Nomadic Penan leader Along Sega and his grandchild examine a tree stump near their village in the Sungai Nyakit area of the Sarawak rainforest in Malaysia. He is 60, a father of nine and grandfather of 30.

Throughout the world, ancient forests are in crisis. Many of the plants and animals that live in these forests face extinction. And many of the people and cultures who depend on these forests for their way of life are also under threat. But the news is not all bad. There is a last chance to protect these forests and the life they support.The world's ancient forests are truly diverse. They include boreal, temperate and tropical forests, coniferous and broadleaf forests, rainforests and mangroves. Together they maintain environmental systems that are essential for life on Earth. They influence weather by controlling rainfall and evaporation of water from soil. They help stabilise the world's climate by storing large amounts of carbon that would otherwise contribute to climate change.

These ancient forests are home to millions of forest people who depend on them for their survival - both physically and spiritually.

These forests also house around two-thirds of the world's land-based species of plants and animals. That's hundreds of thousands of different plants and animals, and literally millions of insects - their futures also depend on the ancient forests.

These magnificent ancient forests are under threat. More than 87 human cultures have been lost in Brazil alone; in the next 10 to 20 years, the world looks set to lose thousands of species of plants and animals. But there is a last chance to SAVE these forests and the people and species that depend on them.

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The latest updates

 

Early morning action

Blog entry by Chuck Baclagon | May 12, 2009

From Making Waves Neste Oil’s plans for global leadership in palm oil diesel will drive massive rainforest destruction and climate change Before most of us even had our first cup of coffee this morning, 32 activists...

10 years of saving the Amazon Rainforest

Blog entry by Chuck Baclagon | May 7, 2009 12 comments

Greenpeace activists deploy a banner around a logged Brazilian Nut Tree "Castanheira". The Castanheira species has been protected in Brazil since 1994, but a large number of trees have been logged before the creation of the planned...

Greenpeace Urge KPK to investigate Forestry Ministry. Again!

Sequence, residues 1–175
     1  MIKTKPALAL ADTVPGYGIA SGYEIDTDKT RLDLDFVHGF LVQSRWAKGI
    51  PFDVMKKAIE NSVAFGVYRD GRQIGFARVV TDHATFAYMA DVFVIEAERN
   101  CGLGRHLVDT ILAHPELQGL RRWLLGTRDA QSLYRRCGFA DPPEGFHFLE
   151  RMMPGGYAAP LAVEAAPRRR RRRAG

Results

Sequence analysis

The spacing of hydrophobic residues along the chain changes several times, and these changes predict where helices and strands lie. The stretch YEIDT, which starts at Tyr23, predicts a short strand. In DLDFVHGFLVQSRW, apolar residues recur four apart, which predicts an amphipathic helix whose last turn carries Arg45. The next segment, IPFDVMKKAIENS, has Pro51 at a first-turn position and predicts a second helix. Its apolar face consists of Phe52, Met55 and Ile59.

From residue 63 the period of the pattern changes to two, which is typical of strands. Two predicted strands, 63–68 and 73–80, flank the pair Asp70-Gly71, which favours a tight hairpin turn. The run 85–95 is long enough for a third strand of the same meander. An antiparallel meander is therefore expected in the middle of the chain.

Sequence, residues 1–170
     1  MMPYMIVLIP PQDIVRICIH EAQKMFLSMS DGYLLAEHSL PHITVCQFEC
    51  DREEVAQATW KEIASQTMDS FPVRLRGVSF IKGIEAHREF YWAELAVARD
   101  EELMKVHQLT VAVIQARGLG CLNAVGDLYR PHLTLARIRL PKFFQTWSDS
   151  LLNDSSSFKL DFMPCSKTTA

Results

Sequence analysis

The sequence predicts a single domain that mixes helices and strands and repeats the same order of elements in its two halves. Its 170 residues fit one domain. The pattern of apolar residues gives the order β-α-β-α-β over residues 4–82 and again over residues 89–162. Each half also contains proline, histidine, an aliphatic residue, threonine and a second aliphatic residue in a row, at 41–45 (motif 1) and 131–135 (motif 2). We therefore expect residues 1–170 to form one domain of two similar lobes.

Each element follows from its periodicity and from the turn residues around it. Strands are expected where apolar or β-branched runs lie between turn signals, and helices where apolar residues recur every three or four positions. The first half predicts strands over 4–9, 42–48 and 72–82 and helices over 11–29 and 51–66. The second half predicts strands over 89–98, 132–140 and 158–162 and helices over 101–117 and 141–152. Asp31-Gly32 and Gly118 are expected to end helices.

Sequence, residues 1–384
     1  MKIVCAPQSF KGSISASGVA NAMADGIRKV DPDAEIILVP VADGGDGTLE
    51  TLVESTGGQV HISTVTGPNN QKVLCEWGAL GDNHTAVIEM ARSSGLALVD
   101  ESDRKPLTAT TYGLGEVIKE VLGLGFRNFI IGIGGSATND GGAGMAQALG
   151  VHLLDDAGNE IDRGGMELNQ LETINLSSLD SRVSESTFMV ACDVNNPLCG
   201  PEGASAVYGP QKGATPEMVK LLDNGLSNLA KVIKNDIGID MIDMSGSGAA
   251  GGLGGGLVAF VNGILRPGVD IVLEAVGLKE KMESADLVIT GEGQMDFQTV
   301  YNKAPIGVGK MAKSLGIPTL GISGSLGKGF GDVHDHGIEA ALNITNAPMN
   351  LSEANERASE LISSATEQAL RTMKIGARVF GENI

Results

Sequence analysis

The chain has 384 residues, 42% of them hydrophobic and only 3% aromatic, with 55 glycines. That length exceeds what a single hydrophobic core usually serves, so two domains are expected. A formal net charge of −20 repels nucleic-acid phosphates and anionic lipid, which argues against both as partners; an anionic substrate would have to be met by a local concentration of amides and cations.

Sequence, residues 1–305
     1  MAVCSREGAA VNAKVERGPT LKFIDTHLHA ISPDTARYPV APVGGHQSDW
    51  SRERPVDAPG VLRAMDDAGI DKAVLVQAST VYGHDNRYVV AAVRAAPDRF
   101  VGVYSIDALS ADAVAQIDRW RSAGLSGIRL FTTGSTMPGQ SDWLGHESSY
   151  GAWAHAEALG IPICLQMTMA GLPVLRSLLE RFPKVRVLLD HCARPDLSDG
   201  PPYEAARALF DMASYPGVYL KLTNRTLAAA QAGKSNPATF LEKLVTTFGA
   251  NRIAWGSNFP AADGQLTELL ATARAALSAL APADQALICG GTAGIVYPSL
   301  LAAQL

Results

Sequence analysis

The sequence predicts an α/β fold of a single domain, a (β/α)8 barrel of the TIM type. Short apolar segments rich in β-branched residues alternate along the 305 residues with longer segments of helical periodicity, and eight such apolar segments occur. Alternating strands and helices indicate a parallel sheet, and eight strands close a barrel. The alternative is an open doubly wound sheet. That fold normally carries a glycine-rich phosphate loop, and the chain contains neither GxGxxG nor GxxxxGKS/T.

Feature story | April 30, 2009 at 6:00

Greenpeace urged the KPK (Corruption Eradication Commission) to investigate the re-issuance of permits to 14 companies for clearing more than 100.000 hectares of forest by the Forestry Ministry.

Protecting Riau’s peatland forests will protect livelihoods and food security of its...

Feature story | April 24, 2009 at 6:00

Greenpeace and Riau-based NGO, Jikalahari, have released fresh evidence showing that peatland forest destruction in Riau Province is critically impacting the livelihoods and food security of Riau’s river communities.

This Earth Day, become a climate activist

Feature story | April 22, 2009 at 6:00

This Earth Day, help us turn 3 million people into climate activists: starting with you.

Skimping on Climate Is the Priciest Option

Blog entry by Chuck Baclagon | April 2, 2009 1 comment

From the Jakarta Globe Amid the pressure of the global financial crisis, some ask how we can afford to tackle climate change. The better question is: Can we afford not to? — Ban Ki-moon, United Nations secretary...

Climate meeting in Bonn: save the forests, but don't cheapen carbon

Feature story | March 31, 2009 at 13:13

If we're to have a hope of saving our planet from runaway climate change, we need to make it expensive for industry to emit carbon dioxide and other greenhouse gasses, and we need to make it profitable for countries like Brazil, Indonesia, and...

Greenpeace and Yahoo! launch guerrilla campaign to save orang-utans, tigers and forests

Blog entry by Chuck Baclagon | March 25, 2009 2 comments

Upon clicking through, you are led to a takeover page that looks exactly like Yahoo’s search site. However, the photos disappear as fast as Indonesia’s forests. They say a picture speaks a thousand words. Yet what if there were no...

Activists locked down Sinar Mas headquarters

Blog entry by Chuck Baclagon | March 20, 2009

From Greenpeace: Making Waves Forest destruction is now universally recognised to cause about 20 percent of annual greenhouse gas emissions. This means that cutting down trees is more destructive to the planet than the entire...

Greenpeace calls for political commitment to protect Forests and People in upcoming...

Feature story | March 16, 2009 at 7:00

Greenpeace kicked-off its “Vote for Forests, Vote for Our Future” campaign along with politicians, celebrities, and supporters at Lapangan Banteng.

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